Eleven miniature horses, six donkeys, eight goats, seven sheep and a chicken are being cared for by a horse rescue in Laurel, Delaware, after being seized from a farm.
“We wanted to be there for these horses and be their soft landing spot,” said Meg Searcey, Changing Fates Equine Rescue vice president. “So we said we’d figure it out and make it happen and that’s what we did.”
Five more miniature horses from the same Felton-area farm went to another rescue, according to Searcey.
Many of the horses had matted manes and poor grooming, according to a Changing Fates Facebook post, and ownership of the animals was relinquished to the rescues June 28.
Neither the Delaware Office of Animal Welfare nor the Department of Agriculture would provide further information, citing an ongoing investigation, but Searcey said the animals’ conditions indicated their needs were not being met.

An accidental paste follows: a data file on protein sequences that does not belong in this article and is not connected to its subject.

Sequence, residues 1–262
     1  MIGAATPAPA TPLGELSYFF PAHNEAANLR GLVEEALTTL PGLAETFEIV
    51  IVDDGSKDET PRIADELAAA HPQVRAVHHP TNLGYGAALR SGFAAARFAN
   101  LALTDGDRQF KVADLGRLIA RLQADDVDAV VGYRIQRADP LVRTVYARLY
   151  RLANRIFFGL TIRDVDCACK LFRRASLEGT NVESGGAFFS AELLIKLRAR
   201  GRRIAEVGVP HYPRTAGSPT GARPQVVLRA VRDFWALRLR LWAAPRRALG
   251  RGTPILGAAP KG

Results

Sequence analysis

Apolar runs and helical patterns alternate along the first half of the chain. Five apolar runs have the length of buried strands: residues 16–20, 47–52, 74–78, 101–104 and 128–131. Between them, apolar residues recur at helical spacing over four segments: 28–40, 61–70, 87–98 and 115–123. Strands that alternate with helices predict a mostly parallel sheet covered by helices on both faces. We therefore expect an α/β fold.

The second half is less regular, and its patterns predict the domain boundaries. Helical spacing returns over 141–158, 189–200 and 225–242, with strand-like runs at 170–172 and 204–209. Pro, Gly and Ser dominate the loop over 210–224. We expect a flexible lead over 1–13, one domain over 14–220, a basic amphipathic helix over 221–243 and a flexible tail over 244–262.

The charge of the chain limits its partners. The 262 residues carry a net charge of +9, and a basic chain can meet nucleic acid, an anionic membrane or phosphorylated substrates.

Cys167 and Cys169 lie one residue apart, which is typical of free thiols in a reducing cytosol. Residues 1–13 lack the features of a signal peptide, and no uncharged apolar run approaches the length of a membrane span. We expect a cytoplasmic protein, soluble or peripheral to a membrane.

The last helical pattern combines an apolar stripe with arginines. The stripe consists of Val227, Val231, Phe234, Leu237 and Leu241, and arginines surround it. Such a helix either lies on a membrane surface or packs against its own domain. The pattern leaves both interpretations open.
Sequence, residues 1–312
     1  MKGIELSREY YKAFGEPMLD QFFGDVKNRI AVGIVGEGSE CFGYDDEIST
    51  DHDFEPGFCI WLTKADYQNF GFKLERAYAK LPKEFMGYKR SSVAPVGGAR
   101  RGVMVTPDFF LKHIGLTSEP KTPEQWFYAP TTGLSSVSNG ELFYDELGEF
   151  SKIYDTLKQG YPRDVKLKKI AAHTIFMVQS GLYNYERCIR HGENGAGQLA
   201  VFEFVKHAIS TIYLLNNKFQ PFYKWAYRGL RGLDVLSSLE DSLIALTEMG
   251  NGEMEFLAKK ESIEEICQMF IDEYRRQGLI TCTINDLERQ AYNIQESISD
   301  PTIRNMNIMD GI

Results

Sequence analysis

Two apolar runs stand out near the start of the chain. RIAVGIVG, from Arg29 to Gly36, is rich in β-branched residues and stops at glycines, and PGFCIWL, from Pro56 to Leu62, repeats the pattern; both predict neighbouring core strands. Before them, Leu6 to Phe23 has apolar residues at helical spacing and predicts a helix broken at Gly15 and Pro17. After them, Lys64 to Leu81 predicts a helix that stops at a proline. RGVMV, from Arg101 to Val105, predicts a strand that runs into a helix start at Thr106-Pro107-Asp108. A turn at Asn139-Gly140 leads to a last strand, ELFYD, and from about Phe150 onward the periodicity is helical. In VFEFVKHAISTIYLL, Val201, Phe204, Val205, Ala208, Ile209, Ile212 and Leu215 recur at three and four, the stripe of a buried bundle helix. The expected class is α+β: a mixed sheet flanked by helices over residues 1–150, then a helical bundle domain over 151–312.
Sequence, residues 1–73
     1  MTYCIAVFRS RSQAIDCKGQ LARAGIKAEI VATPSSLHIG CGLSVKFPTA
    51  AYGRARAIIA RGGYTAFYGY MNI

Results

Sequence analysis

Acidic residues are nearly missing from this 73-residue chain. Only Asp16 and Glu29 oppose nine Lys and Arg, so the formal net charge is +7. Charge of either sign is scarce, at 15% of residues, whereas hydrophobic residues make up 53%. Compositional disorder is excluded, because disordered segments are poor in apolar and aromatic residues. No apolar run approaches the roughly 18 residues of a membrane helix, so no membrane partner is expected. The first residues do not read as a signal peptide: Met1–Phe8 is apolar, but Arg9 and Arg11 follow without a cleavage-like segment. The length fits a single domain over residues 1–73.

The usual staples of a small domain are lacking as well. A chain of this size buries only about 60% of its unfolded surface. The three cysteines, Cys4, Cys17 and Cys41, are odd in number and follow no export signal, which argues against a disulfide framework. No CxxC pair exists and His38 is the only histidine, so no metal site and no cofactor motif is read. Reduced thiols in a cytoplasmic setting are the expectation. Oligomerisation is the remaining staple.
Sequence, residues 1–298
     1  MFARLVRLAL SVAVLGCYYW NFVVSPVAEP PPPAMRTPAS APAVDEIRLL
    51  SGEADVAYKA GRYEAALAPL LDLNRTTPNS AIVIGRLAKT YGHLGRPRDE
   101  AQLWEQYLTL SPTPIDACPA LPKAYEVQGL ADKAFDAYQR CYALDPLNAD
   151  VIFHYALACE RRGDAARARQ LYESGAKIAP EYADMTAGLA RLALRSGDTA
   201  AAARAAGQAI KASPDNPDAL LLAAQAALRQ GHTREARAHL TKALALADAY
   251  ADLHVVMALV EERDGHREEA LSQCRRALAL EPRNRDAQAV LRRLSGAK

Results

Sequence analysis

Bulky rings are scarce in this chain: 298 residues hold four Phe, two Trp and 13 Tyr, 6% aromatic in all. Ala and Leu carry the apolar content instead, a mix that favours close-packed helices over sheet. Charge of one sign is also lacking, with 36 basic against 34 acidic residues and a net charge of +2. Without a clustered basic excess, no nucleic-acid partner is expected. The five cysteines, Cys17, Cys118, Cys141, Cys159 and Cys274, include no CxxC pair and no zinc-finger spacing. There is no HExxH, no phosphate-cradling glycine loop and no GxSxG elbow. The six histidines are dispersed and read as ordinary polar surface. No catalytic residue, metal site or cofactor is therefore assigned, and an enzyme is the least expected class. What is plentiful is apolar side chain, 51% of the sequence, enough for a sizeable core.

CHANGING FATES FILLS NEED:Nearly 100 horses have found homes since Quantico rescue. Where are they now?
The animals Changing Fates took in have been seen by a veterinarian and vaccinated, but farrier work is ongoing.
“It’s not an easy thing to give farrier care to a horse that’s never had it done,” Searcey said.
The Felton animals are the largest group Changing Fates’ has ever taken in at once, Searcey said. Two of the donkeys and three of the goats are believed to be pregnant.
Originally expecting to take in three or four intact male horses and donkey, Changing Fates wound up with 11.
“It’s a big undertaking because they don’t typically get along with each other … and have to be housed separately,” Searcey said. “But our biggest concern is the gelding fees. It’ll wind up being $5,000 or more.”
The rescue does not adopt out intact males to prevent breeding.
Shannon Marvel McNaught covers Sussex County and beyond. Reach her at firstname.lastname@example.org.